In 1884 London hosted an International Health Exhibition under the patronage of Queen Victoria and the Prince of Wales, and directed by an Executive Council.
It’s aims were far-sighted. It covered everything that promoted the preservation of good health in the populace through displays and official education programme.
It was also intended as a celebration – to show-off to the rest of the world – the great technological strides made by the Victorians in improving disease control, especially through better sanitation and water purification, for the improvement of the health of the nation.
The Exhibition was held in South Kensington, on a site between the Royal Albert Hall and the newly-opened Natural History Museum, on land which is now occupied by Imperial College of Science and Technology. Four million people visited the Exhibition between 8 May and 30 October 1884
General plan of the International Health Exhibition 1884
Themes judged to promote well-being included domestic, workshop and school architecture,
Design for the layout of a cottage
Lighting, heating, interior design, furniture, clothing, cooking appliances, education, nutrition, sanitation,
An expensively furnished room
An example of a flush toilet
Throughout, the Exhibition gave prominence to practical and inexpensive ideas which could be adopted by ordinary people to improve their living conditions. To facilitate that, instruction and demonstrations were laid on in cooking, applied sciences, art and handicrafts. A temporary Library stocked with donated books was set up in two rooms in the Royal Albert Hall for visitors to consult, a Librarian appointed, and a 536 page catalogue printed.
Water and electricity companies – which had done so much to improve the lives of ordinary Victorians – exploited the opportunity for self-promotion by the construction of a magnificent fountain which sent up jets of water 120 feet (40 metres). The most visited exhibit was the reconstruction of an Old London Street using real houses, some 4-5 storeys high, from earlier, insanitary times, which contrasted with advances in sanitary science as shown by vast displays of drainpipes and ventilators, and hygienic devices.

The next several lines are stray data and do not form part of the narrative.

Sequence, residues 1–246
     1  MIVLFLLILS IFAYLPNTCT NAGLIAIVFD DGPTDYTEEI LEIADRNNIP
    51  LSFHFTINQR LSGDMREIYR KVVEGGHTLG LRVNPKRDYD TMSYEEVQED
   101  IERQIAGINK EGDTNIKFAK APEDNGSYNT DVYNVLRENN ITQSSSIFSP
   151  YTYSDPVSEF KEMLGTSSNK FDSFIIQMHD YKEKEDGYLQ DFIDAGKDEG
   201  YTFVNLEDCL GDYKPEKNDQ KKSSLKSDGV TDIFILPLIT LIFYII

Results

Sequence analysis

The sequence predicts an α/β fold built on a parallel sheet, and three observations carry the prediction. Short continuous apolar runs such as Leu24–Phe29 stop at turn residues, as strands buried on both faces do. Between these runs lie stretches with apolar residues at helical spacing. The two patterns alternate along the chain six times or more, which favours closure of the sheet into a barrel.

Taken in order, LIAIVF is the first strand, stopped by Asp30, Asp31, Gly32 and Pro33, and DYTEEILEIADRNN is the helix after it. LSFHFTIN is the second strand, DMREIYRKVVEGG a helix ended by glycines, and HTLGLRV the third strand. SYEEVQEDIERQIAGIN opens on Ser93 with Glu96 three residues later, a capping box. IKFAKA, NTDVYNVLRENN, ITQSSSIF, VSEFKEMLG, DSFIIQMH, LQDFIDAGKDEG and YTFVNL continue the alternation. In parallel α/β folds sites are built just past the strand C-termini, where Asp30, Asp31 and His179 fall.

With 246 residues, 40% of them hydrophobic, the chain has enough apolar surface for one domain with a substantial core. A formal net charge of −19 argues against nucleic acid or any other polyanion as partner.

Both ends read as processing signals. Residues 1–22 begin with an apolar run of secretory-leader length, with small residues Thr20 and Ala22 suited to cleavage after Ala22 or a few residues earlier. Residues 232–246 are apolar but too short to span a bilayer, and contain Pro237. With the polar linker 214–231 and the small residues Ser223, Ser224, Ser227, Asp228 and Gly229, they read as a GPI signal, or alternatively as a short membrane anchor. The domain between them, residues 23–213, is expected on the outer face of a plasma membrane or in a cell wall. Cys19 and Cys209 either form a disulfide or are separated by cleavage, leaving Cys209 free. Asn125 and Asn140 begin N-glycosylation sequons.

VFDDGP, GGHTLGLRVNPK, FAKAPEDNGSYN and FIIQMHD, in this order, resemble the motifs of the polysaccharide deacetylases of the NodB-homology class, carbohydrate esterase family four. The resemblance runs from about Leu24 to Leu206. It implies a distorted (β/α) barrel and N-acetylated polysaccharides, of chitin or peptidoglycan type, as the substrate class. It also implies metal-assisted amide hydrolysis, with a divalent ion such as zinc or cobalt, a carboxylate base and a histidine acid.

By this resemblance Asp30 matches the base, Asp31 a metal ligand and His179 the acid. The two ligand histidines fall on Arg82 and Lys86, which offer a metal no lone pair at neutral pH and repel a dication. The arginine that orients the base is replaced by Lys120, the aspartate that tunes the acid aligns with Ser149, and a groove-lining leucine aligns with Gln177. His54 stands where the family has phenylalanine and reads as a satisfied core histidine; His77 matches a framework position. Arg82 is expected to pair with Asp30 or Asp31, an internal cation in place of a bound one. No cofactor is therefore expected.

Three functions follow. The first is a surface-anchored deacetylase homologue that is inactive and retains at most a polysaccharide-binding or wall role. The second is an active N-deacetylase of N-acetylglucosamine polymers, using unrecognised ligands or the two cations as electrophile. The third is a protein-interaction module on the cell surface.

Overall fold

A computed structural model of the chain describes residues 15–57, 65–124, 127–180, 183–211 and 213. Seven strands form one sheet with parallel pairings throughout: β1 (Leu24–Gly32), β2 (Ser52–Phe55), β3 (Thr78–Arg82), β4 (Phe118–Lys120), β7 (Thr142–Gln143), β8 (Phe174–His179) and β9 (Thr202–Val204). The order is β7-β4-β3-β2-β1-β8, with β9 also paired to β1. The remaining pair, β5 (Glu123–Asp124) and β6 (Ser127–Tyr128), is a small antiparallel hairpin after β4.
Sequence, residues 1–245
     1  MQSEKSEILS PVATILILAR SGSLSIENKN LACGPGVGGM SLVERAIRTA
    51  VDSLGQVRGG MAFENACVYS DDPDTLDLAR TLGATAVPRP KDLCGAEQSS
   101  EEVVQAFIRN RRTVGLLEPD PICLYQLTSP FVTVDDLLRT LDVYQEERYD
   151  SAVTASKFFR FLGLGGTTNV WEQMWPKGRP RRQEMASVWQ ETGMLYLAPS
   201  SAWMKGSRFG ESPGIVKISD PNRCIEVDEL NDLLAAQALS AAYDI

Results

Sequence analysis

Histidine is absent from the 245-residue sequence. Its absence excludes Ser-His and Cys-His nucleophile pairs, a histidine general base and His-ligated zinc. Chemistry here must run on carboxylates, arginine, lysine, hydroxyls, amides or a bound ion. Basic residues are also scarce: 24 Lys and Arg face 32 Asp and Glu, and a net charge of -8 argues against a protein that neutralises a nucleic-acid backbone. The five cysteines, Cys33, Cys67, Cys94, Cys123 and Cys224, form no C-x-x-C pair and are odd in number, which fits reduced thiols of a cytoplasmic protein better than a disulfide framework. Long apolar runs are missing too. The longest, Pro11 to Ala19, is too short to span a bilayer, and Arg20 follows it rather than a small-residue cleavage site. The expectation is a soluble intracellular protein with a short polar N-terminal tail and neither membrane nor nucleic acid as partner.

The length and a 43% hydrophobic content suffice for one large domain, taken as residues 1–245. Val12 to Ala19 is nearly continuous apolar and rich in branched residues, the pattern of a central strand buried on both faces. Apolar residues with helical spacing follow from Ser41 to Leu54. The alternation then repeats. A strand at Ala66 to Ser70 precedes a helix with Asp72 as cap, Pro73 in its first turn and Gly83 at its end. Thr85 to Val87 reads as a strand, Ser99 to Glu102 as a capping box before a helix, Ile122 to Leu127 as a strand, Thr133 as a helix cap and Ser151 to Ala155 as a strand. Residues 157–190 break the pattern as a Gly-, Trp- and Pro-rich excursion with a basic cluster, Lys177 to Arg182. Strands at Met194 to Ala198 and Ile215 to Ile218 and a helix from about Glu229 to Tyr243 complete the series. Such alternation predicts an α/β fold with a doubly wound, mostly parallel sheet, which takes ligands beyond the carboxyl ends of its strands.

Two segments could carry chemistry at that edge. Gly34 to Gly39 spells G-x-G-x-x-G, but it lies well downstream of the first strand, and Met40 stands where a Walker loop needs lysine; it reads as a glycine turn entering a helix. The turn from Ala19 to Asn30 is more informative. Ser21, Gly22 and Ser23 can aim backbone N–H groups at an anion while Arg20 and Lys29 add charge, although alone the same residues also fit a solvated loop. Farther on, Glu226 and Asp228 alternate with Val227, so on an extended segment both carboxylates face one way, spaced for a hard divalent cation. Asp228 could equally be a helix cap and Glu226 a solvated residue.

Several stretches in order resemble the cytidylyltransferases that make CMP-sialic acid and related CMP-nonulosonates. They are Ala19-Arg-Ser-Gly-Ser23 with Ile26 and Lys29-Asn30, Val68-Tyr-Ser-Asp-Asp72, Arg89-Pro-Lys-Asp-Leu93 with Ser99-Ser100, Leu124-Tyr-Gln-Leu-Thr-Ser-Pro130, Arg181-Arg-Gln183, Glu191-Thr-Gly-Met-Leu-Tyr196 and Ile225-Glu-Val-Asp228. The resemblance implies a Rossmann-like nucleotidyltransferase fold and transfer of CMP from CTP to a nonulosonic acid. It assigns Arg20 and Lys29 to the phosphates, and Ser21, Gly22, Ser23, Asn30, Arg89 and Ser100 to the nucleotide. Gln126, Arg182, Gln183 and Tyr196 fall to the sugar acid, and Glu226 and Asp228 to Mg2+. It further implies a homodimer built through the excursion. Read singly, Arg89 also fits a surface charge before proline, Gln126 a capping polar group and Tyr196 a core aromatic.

Exhibitors from Great Britain were joined by many participants from Europe, Asia and the Americas who brought with them inventions and natural products. The Japanese, for example, provided recipes for making saki and meals made out of soy beans which today we call tofu. The first ever Chinese menu was introduced to Great Britain at the Exhibition.
There was so much to see but a particular innovation can be singled out, created at his own expense by Francis Galton (1822-1911), human geneticist. He set up an Anthropometric Laboratory equipped with instruments where for 3 pence (less than one penny in today’s money) visitors could have their senses of hearing, sight, and smell tested, their strength calculated, their weight and height taken, and the results entered on a card to take away with them. Galton continued his work at University College London where he used the data so collected for his quantitative analysis of human populations.
Data card of the Anthropometric Laboratory.
Almost no trace remains today of the International Health Exhibition of 1884 (although the British Library holds a few ephemera). However, accompanying the Exhibition, was a descriptive and illustrated catalogue of nearly 20 volumes. The contents range from lists of the names of the commercial exhibitors, a guide to the aquarium to essays by experts on relevant fields. The LSHTM Library holds a complete set of the volumes which take up nearly one metre of linear shelving.
Some volumes of the International Health Exhibition, 1884